How to Know When Your Freelance Business Can Sustain You Full-Time

freelance business

When people find out that I freelance, their curiosity piques. Some folks don’t quite understand why I’m not a part of the daily grind. Others, however, are more interested in how I got my start and when I knew I would be able to do this full-time.

I am not going to write a memoir here. But, I got into freelance writing during my last year of college. A friend was managing a website and I asked if I would write blog posts to make a couple of extra bucks.

It was a part-time gig. And, the pay wasn’t great. It did, however, give me some pocket money.

After school, I wrote even more content. I also expanded my network. And, a funny thing happened as I was looking for a “real job” — I really liked freelancing.

I never intended to go do this part-time. But, I thoroughly enjoyed writing and the flexibility. I also dug how I had control of my career. I make my own decisions, like which projects and clients to work with.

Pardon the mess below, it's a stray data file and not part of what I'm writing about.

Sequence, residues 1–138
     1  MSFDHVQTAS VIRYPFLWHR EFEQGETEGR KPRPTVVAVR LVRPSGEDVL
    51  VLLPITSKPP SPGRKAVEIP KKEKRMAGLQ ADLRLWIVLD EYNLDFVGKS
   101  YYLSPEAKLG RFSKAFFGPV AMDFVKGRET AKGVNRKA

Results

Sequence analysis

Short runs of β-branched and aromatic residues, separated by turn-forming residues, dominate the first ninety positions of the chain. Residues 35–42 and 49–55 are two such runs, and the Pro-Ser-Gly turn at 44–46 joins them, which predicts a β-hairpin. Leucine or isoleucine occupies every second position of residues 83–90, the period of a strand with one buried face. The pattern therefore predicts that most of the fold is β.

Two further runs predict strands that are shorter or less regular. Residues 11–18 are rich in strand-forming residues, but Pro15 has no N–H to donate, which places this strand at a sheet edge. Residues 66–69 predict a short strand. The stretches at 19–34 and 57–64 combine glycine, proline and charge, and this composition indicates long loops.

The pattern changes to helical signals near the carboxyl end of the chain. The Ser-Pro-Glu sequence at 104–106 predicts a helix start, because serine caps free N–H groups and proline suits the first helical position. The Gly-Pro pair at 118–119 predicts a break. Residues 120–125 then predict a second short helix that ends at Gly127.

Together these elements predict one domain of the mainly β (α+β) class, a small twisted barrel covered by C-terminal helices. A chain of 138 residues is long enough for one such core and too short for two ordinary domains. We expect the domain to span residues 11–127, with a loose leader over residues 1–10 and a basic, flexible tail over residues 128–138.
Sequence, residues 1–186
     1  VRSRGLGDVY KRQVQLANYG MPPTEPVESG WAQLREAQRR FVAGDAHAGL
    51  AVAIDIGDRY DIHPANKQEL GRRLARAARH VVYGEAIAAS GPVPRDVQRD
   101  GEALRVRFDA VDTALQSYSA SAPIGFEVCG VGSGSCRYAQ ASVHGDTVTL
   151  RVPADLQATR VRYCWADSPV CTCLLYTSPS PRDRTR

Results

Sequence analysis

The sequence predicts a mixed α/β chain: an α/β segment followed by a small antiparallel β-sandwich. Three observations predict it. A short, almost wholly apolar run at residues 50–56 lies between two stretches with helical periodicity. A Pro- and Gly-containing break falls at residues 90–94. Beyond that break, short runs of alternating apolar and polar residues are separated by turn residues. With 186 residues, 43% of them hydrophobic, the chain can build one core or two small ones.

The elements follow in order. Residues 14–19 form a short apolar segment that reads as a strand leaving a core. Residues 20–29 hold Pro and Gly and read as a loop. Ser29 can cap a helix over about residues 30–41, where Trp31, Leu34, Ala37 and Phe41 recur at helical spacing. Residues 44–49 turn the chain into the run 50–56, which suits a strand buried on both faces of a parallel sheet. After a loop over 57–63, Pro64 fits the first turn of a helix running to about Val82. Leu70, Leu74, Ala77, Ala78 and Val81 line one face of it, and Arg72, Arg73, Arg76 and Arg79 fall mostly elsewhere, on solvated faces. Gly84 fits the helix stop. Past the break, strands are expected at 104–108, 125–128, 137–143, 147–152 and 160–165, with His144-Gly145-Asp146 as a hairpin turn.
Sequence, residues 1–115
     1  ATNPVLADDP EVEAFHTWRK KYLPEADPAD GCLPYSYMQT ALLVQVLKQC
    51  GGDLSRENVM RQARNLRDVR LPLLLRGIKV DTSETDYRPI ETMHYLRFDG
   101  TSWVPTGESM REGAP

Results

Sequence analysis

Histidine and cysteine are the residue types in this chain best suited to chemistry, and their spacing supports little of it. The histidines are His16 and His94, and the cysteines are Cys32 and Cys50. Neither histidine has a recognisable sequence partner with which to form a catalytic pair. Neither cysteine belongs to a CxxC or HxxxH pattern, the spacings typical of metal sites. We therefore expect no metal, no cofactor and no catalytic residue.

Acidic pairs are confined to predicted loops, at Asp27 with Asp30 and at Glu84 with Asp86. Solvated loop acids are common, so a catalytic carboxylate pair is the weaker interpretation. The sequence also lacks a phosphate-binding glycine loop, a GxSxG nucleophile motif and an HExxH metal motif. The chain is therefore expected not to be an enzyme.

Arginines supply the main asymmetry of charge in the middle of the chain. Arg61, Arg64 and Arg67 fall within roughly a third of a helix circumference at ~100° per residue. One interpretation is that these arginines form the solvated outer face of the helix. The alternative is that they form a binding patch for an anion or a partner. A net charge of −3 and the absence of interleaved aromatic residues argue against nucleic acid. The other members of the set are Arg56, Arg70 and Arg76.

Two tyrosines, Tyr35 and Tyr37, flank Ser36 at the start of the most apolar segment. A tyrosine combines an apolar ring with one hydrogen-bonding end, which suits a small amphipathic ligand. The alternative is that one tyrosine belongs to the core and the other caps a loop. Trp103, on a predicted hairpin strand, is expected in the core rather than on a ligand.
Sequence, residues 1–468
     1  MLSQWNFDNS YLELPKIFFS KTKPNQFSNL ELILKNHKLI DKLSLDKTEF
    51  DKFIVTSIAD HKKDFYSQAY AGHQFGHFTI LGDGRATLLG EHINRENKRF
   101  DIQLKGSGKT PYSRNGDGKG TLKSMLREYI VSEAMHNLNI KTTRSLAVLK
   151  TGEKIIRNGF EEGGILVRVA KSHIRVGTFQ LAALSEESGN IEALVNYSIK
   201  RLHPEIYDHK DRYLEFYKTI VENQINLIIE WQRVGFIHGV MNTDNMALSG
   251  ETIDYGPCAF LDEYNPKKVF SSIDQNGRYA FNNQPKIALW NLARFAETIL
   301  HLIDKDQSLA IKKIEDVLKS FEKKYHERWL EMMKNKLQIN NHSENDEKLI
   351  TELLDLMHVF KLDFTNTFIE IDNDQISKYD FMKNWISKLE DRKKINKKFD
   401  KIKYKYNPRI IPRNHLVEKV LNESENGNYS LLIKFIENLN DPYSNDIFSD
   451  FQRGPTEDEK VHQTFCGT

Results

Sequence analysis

So, I kept at it. Over the years, I landed new clients, charged higher rates, and was able to make a living from freelancing.

How to Know When Your Freelance Business Can Sustain You

I would be remiss though if I didn’t mention the drawbacks. It can take years for you to build a full-time income. Work can also fluctuate, which means you might have an irregular income. You may also have difficulty managing multiple clients or projects. And, there will be times when you have to work on projects you aren’t passionate about and deadbeat clients.

Despite these challenges, I love freelancing and am grateful that I can do this full-time. But, I’m clearly not the only one feeling this way.

Because of the pandemic, more people have jumped on the bandwagon. In fact, over the last year, 59 million Americans freelanced — this represents 36% of the total U.S. workforce. And, even if some people had to pause their freelance business, 88% of respondents said that they are likely to freelance in the future.

I can see the appeal. In addition to the benefits I’ve already covered, freelancing can be a great way to add a new income stream. You can use the money you earn to pay down debt, stash into an emergency fund, or generate extra income during retirement. And, thanks to the flexibility, you can do this whenever you have free time.